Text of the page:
According to American and Afghan Taliban officials, a high-level United States delegation, headed by CIA’s deputy director, held on Saturday the President Joe Biden’s administration’s first direct talks since the US-led forces pullout with Taliban’s top leadership in Doha, Qatar.
The talks held in Doha focused on containing radical groups, the relocation of American citizens, and humanitarian assistance. A spokesman for the US State Department, Ned Price, said that discussions had been professional and candid with the American delegation restating that the Taliban’s deeds will judge themselves. Moreover, America insists their meeting doesn’t constitute the Taliban’s recognition.
Talks between US, #Taliban leaders conclude in Doha, Qatar. Talks in Qatar focussed on containing extremist groups, the evacuation of US citizens and humanitarian aid. US officials say that while the group would be judged by its actions, talks had been “candid and professional”.
— All India Radio News (@airnewsalerts) October 11, 2021
The Taliban said in a statement released late Sunday that American representatives stated they’d give humanitarian aid to citizens of Afghanistan and would provide facilities for other humanitarian establishments to deliver assistance.
Moreover, the statement reads that the Taliban would cooperate with charity organizations in sending humanitarian aid to those needing transparently, and would provide facilities to the movement of foreign citizens.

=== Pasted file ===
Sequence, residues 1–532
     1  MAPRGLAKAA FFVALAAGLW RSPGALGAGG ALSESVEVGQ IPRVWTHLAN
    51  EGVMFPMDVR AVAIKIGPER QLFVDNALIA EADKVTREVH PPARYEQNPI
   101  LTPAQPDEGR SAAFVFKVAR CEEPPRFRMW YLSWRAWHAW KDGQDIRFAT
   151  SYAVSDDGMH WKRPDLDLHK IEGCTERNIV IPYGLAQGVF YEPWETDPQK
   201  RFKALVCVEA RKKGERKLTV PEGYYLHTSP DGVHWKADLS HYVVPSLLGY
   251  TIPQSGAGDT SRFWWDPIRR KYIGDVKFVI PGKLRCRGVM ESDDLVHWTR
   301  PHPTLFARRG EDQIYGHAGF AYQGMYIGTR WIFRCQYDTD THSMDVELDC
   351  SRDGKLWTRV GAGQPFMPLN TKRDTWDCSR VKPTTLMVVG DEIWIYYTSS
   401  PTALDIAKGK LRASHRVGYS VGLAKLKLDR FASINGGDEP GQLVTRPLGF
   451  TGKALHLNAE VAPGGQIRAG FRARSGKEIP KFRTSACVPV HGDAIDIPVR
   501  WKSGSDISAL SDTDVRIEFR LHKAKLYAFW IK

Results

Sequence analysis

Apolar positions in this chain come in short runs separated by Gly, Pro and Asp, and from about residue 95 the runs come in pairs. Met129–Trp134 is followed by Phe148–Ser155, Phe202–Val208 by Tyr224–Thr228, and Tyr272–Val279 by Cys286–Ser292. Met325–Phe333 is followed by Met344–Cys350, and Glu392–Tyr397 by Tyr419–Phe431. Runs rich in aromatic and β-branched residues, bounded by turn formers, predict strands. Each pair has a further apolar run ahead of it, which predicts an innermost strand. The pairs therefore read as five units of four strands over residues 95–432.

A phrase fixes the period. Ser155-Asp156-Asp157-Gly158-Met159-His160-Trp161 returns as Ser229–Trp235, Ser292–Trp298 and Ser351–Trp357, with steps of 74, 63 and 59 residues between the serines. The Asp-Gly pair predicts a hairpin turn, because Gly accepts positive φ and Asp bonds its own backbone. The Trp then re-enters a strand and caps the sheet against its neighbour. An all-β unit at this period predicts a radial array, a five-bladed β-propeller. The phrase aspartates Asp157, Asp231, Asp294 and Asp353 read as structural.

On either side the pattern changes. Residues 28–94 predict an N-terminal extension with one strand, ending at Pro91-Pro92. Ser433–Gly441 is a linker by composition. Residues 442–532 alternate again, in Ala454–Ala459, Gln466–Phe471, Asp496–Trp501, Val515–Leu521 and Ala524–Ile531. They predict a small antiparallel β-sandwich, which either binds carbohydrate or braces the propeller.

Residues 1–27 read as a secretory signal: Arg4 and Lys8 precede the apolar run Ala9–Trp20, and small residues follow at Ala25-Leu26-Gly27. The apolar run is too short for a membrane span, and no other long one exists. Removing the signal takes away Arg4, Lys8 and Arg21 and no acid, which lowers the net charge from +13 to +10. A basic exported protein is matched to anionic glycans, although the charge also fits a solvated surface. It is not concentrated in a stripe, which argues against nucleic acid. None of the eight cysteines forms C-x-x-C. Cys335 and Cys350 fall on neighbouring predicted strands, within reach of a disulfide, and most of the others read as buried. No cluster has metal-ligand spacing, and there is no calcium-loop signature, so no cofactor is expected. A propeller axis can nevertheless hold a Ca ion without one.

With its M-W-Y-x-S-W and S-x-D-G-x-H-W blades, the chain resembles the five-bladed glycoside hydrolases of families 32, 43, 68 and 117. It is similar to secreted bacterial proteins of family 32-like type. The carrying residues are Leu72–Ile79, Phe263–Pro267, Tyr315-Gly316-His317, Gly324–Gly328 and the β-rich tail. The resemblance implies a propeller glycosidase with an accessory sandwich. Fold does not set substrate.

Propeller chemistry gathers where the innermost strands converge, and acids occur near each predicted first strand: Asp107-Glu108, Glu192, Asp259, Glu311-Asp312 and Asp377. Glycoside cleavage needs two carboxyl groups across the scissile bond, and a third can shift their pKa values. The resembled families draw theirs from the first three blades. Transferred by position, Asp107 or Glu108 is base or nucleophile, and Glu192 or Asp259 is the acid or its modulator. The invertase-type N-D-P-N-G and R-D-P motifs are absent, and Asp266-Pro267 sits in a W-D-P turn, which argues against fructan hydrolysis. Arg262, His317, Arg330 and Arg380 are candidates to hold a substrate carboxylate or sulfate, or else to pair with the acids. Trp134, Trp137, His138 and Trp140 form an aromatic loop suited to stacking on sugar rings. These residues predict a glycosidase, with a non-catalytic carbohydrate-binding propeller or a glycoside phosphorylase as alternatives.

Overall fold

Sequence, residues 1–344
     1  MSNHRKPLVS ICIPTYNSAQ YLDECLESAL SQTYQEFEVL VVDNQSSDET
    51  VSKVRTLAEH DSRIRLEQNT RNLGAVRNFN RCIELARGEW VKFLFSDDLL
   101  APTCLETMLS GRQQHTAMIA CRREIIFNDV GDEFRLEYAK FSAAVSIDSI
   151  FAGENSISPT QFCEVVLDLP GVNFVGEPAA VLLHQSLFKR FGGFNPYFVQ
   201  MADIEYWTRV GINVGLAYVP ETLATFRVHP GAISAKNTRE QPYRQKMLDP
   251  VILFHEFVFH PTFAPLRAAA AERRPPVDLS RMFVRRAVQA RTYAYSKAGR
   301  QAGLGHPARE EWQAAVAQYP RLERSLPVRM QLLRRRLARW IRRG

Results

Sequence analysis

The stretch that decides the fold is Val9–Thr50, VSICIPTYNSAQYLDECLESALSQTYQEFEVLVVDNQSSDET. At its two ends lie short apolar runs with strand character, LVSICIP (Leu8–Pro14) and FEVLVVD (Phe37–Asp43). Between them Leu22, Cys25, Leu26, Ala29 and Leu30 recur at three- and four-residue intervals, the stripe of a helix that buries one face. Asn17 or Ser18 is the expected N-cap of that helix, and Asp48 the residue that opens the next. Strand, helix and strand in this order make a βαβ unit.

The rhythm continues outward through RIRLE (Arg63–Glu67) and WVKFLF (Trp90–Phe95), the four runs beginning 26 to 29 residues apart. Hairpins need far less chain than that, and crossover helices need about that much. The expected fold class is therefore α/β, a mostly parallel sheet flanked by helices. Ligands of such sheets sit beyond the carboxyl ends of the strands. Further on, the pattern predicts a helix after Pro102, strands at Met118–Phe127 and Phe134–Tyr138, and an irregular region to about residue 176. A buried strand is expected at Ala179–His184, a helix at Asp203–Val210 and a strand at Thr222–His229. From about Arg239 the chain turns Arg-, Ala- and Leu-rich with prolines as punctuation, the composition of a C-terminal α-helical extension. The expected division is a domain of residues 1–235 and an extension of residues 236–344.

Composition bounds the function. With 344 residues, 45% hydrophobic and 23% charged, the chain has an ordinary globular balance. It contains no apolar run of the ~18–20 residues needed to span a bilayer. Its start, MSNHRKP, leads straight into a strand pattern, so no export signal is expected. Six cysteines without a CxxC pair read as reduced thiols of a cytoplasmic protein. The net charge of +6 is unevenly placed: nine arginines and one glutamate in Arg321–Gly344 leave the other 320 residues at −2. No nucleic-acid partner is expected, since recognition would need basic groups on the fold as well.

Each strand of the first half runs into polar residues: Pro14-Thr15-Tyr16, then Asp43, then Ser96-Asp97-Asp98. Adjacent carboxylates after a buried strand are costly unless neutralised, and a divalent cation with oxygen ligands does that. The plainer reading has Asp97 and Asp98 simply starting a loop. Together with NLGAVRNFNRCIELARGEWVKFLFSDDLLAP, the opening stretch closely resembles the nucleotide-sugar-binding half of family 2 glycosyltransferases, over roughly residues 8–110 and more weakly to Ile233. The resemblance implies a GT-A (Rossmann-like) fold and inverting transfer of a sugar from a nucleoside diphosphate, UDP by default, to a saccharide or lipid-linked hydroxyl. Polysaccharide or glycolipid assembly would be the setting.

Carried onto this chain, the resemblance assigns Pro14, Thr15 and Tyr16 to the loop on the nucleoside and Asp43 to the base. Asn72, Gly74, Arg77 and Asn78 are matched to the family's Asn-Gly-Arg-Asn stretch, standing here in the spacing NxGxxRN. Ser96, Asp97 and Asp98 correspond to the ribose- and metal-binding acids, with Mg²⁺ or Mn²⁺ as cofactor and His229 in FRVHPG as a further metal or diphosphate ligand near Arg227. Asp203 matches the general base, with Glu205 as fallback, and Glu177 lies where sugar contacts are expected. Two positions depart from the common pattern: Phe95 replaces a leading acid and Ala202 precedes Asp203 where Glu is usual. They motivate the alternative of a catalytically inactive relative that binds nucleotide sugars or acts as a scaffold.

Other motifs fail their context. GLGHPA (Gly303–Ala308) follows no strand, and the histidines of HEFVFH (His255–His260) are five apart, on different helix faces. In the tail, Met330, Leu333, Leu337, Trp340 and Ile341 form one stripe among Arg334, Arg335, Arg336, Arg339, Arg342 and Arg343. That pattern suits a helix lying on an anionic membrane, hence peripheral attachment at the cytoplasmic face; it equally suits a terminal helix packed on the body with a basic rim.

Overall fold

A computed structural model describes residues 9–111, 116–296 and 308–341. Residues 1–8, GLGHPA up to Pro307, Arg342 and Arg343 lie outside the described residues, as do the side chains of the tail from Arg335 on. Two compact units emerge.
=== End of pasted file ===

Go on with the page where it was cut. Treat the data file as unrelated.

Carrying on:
Taliban Described The Meeting As “Positive”
Ned Price said that the United States delegation focused on terrorism, peace and security worries, and a secure way for American nationals, their Afghan supporters, and allies. The delegation also focused on human rights, including the full, equal, and meaningful participation of girls and women in all aspects.
Reporting from Doha, Natasha Ghoneim, Aljazeera’s senior correspondent, said that the Taliban representatives had termed the 2-days discussions as positive. Moreover, she said they believe it prepares for the Afghan government recognition, not only by America but the global community.
Ghoneim said that the Afghan delegation, led by Mullah Amir Khan, the Afghan Interim Foreign Minister, also came to Qatari capital pursuing financial aid that comes with any sort of international acceptance. She added that the Afghan assignment asked America to terminate economic sanctions and de-ice around ten billion dollars’ worth of assets.
Additionally, the Afghan new rulers proclaimed its all-male Interim Cabinet in September, but it has struggled to govern because of a liquidity crisis after it was disconnected from the World Bank and IMF. Furthermore, the armed group has stated it needs to pay government workers and offer services to Afghan nationals due to the increasing humanitarian and economic crisis.
The United States of America and the Western nations are struggling with challenging choices as an acute humanitarian crisis looms large emerges in war-torn Afghanistan.